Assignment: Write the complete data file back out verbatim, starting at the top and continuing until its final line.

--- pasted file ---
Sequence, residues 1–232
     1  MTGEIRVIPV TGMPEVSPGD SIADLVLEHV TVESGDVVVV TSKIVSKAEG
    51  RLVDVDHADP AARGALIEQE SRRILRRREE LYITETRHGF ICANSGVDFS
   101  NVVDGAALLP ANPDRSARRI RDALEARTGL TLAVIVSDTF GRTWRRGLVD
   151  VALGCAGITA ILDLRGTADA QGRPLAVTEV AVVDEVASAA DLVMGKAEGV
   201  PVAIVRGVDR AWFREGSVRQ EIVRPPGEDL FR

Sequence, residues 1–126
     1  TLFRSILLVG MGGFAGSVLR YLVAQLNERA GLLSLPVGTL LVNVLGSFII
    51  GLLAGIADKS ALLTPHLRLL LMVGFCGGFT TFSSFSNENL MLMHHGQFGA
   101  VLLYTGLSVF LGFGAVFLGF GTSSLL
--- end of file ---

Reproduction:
Sequence, residues 1–232
     1  MTGEIRVIPV TGMPEVSPGD SIADLVLEHV TVESGDVVVV TSKIVSKAEG
    51  RLVDVDHADP AARGALIEQE SRRILRRREE LYITETRHGF ICANSGVDFS
   101  NVVDGAALLP ANPDRSARRI RDALEARTGL TLAVIVSDTF GRTWRRGLVD
   151  VALGCAGITA ILDLRGTADA QGRPLAVTEV AVVDEVASAA DLVMGKAEGV
   201  PVAIVRGVDR AWFREGSVRQ EIVRPPGEDL FR

Sequence, residues 1–126
     1  TLFRSILLVG MGGFAGSVLR YLVAQLNERA GLLSLPVGTL LVNVLGSFII
    51  GLLAGIADKS ALLTPHLRLL LMVGFCGGFT TFSSFSNENL MLMHHGQFGA
   101  VLLYTGLSVF LGFGAVFLGF GTSSLL